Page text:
Alien from the Abyss: A ’50s Atomic Monster Movie Invades the ’80s

It may not be as popular a subgenre as slashers or folk horror, but subterranean creature flicks may be one of my low-key favorites. I can’t think of a single one that has disappointed me. We all know the big names here: Tremors, The Burrowers, The Descent, C.H.U.D., Nightbreed, Screamers, etc. Yet, there’s very little on the internet concerning Alien from the Abyss (aka Alien from the Deep), which makes sense if you’ve seen it.  

A film that is as terrific as it is cheesy, Alien from the Abyss is a perfect qualifier for Horror Obsessive’s new Trash Cinema series. It’s uneven and unnecessarily horny, and the English dubbing is off in places. And it rips off multiple films of its era, including bringing to life an H.R. Giger inspired trashterpiece of modern art in its monster after (literally) throwing away its plot in the third act. However, it’s also so over-the-top you can’t help but marvel at the spectacle.

Kovacks and a scientist look at a monitor in a control room in Alien from the Abyss

Charles Napier, who you might recognize as the police officer who was bludgeoned to death by Hannibal Lecter in Silence of the Lambs, plays a hell of a villain. The special makeup effects are excellent, showcasing gore-intensive radiation burns caused by contact with the alien that both rips-off Ridley Scott’s acid-spewing Alien and somehow seems like it could have inspired Chris Carter’s acid-dripping, clone-killing, bounty hunter alien in The X-Files. And director Antonio Margheriti has some outstanding transitional shots that keep the intensity up during the alien attack sequences, courtesy of editor Alberto Moriani. 

Now there are a number of potential ways to interpret the title Alien from the Abyss. Given the film’s initial release date of May 27, 1989, in the Philippines, it seems clear that the initial title tried to ride on the coattails of the forthcoming James Cameron sci-fi flick, The Abyss, releasing that summer. Cameron’s film had gone into production in August of 1988 and had been at the helm of the 1986 Alien sequel, which Margheriti mirrors exactly in Alien from the Abyss’ ending, making his intentions seem clear. Italian horror sequels and rip-offs were rampant in the ’70s and ’80s, covering everything from Jaws (Cruel Jaws) to Evil Dead (Ghosthouse, Witchery, Beyond Darkness), and Lucio Fulci’s Zombie was originally marketed as a Dawn of the Dead sequel. Many Italian titles were often sued by Hollywood studios or directors and made to remove their original names, which could be why “Deep” was chosen for the American title over the direct translation of the Italian title Alien Degali Abissi when it premiered in the Philippines (where it was filmed) and arrived in North America. Aliens from the Deep also proposes a throwback to Roger Corman produced ’80s creature feature, Humanoids from the Deep, again leeching onto another successful title but with less fear of retaliation given the nine-year gap between the releases.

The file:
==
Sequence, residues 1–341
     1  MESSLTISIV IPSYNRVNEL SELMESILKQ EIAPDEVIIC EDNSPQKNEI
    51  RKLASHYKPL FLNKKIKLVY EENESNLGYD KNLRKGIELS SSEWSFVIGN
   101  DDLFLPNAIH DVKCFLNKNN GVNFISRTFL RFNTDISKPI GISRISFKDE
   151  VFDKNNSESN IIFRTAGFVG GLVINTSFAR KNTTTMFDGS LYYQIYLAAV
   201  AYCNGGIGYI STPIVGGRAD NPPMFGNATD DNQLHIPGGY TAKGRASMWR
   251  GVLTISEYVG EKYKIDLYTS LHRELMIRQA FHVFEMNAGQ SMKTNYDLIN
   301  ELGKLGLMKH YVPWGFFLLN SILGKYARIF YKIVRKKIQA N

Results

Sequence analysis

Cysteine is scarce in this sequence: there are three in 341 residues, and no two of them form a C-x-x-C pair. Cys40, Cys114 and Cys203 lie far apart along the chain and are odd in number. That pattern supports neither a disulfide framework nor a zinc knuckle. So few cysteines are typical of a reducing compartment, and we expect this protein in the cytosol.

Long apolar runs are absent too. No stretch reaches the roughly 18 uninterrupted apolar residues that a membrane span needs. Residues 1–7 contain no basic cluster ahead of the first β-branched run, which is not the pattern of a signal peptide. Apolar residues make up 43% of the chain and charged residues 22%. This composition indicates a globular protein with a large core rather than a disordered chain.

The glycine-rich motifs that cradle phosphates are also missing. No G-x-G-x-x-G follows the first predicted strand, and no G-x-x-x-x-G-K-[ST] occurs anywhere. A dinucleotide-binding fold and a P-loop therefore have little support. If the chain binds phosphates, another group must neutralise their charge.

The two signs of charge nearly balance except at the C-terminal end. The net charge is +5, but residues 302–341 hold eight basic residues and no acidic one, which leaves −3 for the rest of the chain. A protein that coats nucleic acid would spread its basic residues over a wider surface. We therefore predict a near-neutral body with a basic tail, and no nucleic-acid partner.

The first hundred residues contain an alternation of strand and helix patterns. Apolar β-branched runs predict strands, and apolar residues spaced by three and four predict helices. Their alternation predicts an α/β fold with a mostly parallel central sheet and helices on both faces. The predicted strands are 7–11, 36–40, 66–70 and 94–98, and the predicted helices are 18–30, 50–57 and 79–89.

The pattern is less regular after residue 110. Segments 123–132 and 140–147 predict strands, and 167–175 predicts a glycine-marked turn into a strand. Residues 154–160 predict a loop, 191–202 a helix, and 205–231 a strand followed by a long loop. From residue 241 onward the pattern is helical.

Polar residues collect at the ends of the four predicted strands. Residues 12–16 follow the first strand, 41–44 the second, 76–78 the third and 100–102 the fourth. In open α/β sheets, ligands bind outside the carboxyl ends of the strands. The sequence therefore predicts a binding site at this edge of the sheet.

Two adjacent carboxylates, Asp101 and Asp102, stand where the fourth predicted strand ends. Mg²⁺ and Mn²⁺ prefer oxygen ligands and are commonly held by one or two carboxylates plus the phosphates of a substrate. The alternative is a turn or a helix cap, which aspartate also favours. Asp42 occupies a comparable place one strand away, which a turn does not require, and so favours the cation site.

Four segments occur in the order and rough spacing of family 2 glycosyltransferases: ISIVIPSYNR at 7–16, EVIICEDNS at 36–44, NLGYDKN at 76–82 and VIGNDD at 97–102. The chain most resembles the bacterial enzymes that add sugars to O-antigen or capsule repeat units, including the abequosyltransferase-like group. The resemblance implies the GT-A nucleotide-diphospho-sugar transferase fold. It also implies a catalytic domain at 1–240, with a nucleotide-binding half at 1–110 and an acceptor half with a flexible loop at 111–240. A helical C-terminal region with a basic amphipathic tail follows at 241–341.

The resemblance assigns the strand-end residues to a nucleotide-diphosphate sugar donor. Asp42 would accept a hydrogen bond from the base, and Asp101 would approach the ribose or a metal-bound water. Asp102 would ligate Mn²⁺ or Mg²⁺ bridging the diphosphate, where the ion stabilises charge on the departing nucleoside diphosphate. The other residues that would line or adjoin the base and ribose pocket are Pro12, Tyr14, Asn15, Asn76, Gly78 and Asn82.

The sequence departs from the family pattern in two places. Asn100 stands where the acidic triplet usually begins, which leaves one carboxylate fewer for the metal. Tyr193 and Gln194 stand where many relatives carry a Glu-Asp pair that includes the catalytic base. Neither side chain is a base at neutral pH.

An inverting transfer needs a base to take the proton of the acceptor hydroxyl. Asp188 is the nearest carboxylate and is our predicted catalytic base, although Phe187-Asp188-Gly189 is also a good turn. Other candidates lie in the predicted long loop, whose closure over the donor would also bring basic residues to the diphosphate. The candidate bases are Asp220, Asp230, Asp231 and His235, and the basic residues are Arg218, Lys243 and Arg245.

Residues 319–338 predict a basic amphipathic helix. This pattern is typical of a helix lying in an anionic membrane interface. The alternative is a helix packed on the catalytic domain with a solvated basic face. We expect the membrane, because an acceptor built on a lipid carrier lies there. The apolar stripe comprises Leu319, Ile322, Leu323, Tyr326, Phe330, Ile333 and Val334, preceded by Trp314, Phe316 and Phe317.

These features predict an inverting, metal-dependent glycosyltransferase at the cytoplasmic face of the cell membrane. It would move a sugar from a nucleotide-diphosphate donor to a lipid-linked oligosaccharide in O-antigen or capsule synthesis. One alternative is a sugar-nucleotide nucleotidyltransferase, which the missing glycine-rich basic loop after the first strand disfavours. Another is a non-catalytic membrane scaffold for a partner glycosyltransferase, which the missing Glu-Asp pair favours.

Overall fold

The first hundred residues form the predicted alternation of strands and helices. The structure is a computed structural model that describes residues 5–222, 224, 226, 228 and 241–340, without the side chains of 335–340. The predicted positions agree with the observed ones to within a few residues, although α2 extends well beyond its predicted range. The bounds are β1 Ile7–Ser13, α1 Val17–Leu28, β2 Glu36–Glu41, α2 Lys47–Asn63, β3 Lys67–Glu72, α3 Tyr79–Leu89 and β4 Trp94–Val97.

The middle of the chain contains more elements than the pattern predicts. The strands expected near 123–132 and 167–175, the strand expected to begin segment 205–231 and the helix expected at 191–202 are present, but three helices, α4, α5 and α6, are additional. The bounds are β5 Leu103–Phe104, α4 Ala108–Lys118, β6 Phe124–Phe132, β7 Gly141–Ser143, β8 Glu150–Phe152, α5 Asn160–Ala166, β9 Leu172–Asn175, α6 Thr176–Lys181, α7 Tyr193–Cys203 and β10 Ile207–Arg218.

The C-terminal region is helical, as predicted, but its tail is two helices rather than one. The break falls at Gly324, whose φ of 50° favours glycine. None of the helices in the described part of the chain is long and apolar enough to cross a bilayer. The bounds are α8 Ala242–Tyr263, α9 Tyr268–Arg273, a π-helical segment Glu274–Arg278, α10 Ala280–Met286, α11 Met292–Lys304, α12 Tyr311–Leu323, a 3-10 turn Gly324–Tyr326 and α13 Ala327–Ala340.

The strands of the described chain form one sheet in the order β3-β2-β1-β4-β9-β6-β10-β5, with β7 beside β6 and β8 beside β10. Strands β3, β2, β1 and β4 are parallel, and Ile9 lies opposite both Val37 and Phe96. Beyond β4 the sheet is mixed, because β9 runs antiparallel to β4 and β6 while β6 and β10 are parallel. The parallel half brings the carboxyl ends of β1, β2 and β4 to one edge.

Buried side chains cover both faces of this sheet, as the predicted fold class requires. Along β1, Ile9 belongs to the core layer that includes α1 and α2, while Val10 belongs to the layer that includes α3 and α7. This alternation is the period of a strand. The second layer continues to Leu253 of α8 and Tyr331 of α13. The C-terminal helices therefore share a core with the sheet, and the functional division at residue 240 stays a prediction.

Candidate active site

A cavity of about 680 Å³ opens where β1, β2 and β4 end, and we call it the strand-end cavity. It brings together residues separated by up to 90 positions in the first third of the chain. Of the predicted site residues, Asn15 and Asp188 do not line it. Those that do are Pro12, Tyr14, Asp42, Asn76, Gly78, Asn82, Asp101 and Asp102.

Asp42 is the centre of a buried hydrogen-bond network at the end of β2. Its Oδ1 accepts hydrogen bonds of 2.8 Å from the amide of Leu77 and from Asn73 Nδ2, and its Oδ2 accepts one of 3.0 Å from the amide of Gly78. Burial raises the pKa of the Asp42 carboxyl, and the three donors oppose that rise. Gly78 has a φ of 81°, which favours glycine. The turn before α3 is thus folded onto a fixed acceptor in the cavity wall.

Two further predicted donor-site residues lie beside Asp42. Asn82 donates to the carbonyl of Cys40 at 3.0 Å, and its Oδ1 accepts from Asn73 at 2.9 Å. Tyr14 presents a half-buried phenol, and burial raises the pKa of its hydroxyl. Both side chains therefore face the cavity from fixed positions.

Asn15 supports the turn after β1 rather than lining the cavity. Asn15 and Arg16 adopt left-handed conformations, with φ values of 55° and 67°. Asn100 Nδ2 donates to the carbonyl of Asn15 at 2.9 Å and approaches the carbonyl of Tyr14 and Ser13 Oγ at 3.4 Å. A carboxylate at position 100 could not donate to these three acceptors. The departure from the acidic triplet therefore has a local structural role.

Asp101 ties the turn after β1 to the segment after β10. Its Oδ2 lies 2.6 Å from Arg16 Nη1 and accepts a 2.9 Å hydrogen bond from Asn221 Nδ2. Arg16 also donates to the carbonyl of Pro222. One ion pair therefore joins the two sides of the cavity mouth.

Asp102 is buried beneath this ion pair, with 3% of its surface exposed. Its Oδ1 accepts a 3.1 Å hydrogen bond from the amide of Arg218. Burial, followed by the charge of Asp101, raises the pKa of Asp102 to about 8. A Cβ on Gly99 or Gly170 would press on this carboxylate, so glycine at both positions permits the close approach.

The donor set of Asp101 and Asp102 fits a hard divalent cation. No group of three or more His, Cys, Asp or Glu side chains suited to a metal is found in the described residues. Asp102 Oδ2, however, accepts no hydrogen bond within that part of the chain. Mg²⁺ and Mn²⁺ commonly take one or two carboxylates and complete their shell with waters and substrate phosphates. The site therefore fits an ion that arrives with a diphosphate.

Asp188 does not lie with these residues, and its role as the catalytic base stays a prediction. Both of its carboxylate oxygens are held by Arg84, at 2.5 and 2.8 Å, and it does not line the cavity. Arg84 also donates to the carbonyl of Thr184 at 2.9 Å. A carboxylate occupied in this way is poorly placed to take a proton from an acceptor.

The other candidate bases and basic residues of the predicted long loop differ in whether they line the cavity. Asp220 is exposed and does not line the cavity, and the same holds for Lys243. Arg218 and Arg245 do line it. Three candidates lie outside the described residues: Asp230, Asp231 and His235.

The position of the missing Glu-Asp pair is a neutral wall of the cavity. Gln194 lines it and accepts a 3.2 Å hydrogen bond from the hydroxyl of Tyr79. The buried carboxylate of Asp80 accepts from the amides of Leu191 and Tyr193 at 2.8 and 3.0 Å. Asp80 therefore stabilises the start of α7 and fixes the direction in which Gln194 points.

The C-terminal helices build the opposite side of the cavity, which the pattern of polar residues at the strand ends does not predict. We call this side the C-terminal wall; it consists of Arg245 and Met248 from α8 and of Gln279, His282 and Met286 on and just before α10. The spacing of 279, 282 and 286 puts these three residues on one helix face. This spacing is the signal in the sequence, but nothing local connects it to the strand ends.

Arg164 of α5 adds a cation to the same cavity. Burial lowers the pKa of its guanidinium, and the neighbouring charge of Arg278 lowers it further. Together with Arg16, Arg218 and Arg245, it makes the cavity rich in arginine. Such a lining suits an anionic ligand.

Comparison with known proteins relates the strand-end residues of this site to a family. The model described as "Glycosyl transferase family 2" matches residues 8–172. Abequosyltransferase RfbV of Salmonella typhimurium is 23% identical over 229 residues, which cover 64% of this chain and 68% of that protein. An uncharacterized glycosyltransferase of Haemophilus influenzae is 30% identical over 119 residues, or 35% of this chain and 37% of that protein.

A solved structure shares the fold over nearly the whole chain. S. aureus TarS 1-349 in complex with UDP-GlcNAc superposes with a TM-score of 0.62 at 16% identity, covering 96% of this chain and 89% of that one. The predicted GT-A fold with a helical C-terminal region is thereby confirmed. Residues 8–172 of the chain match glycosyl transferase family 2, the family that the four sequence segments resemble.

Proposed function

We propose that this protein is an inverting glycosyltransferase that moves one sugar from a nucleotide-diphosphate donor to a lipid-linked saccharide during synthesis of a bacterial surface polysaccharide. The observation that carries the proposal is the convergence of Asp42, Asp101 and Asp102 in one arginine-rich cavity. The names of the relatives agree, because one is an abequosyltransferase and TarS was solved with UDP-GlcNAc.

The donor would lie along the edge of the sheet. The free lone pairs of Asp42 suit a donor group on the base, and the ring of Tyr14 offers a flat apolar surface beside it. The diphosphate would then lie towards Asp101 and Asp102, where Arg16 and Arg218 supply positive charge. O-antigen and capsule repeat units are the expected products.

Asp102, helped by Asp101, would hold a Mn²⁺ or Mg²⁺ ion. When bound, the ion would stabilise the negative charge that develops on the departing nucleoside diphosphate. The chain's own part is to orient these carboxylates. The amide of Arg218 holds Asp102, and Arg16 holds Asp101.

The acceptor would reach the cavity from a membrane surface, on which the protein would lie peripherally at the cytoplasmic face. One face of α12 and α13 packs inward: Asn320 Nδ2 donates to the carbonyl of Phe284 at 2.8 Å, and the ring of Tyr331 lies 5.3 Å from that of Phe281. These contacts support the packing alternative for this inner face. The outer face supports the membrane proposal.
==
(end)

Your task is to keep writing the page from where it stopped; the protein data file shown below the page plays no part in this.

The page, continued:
Lee and JAne huddle next to the locals beneath the pipes of the ECHEM plant.

Besides the name having a marketing-related identity crisis, so did many of the actors and the director. Antonio Margheriti went by Anthony M. Dawson on Alien from the Abyss, as he had on the majority of his other projects. This wasn’t uncommon for Italian cinema directors or actors, as distributors attempted to lure American audiences into the slickly dubbed features by removing any hesitance that the movie would be some artsy foreign film with subtitles. It also provided talented individuals anonymity when seeking Hollywood roles under an easily pronounced pseudonym.

Joe D’Amato, aka Aristide Massaccesi, is another director with a storied film career such as Anthropophagus and five entries in the Black Emanuelle series. Cannibal Holocaust director Ruggero Deodato also went by Roger Rockfeller in his early career. Mario Bava directed a pair of films as John Old. And Nightmare City director Umberto Lenzi went by many different versions of Humphery, Harry, and Hank, directing the aforementioned Ghosthouse as Humpherey Humbert and Nightmare Beach as Harry Kirkpatrick. Though one wonders if maybe some of these choices could have been made because of how the films turned out.